This article gives detailed instructions on repairing a dashboard crack in a BMW vehicle. Even though we used a 2005 645ci to perform this repair, this article can be applied to any BMW vehicle with minor modifications to the repair steps.
There is a simple BMW dashboard crack repair that can keep the damage from spreading, and make the crack almost invisible to the naked eye.
Simply put, a cracked dashboard on your BMW really sucks. Not only are replacement dashboards expensive but replacing the part itself is not an easy procedure. New dashboards can run close to $4500...just for the part. Purchasing from eBay is always an option, although you are often running unforeseen risks when buying and installing used plastic parts.
The good news is there is a simple BMW dashboard crack repair that will stop the fracture from spreading, and will adequately hide the crack from being seen. Our repair works best on smaller cracks ranging from 3 to 4 inches. It will work on larger dashboard cracks, although be aware that larger gaps become harder to conceal.
The main function of a BMW dashboard crack repair is not cosmetic. The main function is to keep the crack under control by stopping it from becoming larger and spreading. It is important that you use a high-grade epoxy putty for the repair, and that you apply the epoxy correctly within the split plastic dashboard. The BMW Repair Guide uses NuMetal epoxy putty by KBS Coatings. It is a fantastic product that comes in several different colors that may match your project. If your dashboard is black, get the black epoxy...it should blend right in. If you have a dashboard that is any color other than black, we suggest using the white NuMetal epoxy and touching it up to match the dashboard after it hardens. We show you how to do this in the repair article below.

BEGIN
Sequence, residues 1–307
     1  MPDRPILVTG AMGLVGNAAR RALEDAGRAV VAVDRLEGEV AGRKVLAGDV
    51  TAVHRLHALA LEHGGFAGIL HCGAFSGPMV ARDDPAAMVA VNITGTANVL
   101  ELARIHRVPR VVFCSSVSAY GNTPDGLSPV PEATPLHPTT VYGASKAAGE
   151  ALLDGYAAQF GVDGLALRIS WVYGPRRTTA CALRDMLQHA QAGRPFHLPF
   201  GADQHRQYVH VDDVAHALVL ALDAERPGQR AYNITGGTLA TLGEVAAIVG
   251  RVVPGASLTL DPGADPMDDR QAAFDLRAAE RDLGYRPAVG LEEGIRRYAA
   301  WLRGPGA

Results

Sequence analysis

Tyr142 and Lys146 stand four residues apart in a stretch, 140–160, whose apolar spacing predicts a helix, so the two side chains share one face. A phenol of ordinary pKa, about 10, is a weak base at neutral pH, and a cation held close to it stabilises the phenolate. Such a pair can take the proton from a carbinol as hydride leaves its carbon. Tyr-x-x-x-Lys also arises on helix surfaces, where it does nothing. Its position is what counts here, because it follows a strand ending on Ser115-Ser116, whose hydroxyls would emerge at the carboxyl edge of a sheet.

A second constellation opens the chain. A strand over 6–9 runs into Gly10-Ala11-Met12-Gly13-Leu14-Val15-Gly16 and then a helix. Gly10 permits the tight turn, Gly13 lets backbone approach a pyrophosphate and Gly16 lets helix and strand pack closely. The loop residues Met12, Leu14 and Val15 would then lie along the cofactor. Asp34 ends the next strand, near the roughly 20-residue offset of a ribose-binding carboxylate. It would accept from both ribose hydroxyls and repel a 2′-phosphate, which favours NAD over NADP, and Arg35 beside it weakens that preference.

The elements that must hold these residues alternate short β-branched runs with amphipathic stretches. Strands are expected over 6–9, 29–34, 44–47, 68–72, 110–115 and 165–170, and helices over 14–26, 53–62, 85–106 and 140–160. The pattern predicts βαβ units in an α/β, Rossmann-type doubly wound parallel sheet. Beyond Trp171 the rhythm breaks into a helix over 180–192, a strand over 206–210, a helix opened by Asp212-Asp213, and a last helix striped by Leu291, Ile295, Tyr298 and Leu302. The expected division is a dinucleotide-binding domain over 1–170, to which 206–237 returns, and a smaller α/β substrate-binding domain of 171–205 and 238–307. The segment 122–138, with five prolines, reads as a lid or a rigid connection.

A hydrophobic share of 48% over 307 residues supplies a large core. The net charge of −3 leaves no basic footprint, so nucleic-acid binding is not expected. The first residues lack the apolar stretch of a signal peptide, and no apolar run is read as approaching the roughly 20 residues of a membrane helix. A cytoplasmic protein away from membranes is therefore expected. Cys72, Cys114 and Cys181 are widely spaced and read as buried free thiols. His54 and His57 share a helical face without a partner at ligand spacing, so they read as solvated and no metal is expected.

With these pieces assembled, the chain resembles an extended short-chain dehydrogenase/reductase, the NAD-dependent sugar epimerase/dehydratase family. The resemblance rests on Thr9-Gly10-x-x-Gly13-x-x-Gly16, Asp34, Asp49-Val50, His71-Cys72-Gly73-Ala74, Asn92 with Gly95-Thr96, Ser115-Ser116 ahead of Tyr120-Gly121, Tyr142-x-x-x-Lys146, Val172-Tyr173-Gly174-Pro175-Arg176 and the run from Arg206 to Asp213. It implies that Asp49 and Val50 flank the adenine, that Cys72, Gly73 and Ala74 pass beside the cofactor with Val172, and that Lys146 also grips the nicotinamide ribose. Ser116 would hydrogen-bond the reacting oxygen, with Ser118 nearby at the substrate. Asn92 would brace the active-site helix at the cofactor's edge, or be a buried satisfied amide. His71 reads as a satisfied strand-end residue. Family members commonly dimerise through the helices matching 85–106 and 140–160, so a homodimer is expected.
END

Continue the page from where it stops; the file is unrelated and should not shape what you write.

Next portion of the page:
The number one cause of plastic dashboard cracking is over-exposure to ultraviolet light. Over time, the sun's ultraviolet rays break down the plastic's molecular structure leaving it dry and brittle. Heat also plays a large role in dashboard cracking...the interior temperature of your vehicle can soar well over 100 degrees on a sunny day, also changing the dashboard's molecular structure and drying out the essential oils present in the PVC plastic. To avoid future cracking, try and keep your vehicle parked in a cool shaded environment, preferably in a garage. If a garage is not an option, try parking under a tree...or positioning your car next to a structure so it is not constantly in direct sunlight. Most importantly, keep your dashboard moisturized with a good plastic protectant. We recommend using Torque Detail Plastic & Trim Restorer on a regular basis.
Painting a Repaired Crack
As mentioned above, if your dashboard is any other color besides black, your best bet is using white epoxy putty and touching it up with an ultra-fine paintbrush. The trick is to try and match your dashboard color as close as possible. Matching your dashboard is easily done if you can find a piece of trim in your vehicle that is the same color. Bring the trim piece into your local paint shop (we use Sherwinn Williams) and have them color scan it to get an exact match. If you can't find a piece of trim that matches (or don't want to deal with removing interior trim from your vehicle), there are mobile apps that work on your smartphone that allow you to color scan. Try using the Sherwinn Williams ColorSnap app to scan your dashboard and get a close match to its color.
Once you determine the color, purchase a high-quality flat (do not use satin or semi-gloss) enamel to touch the crack up with. It is very important that you use flat paint - any type of gloss (including satin) will stand out and not blend in with the dashboard. We used a Princeton 10/0 "petite spotter" paintbrush, which has a small sharp brush head...ideal for finely applying paint to excruciatingly thin crack lines.
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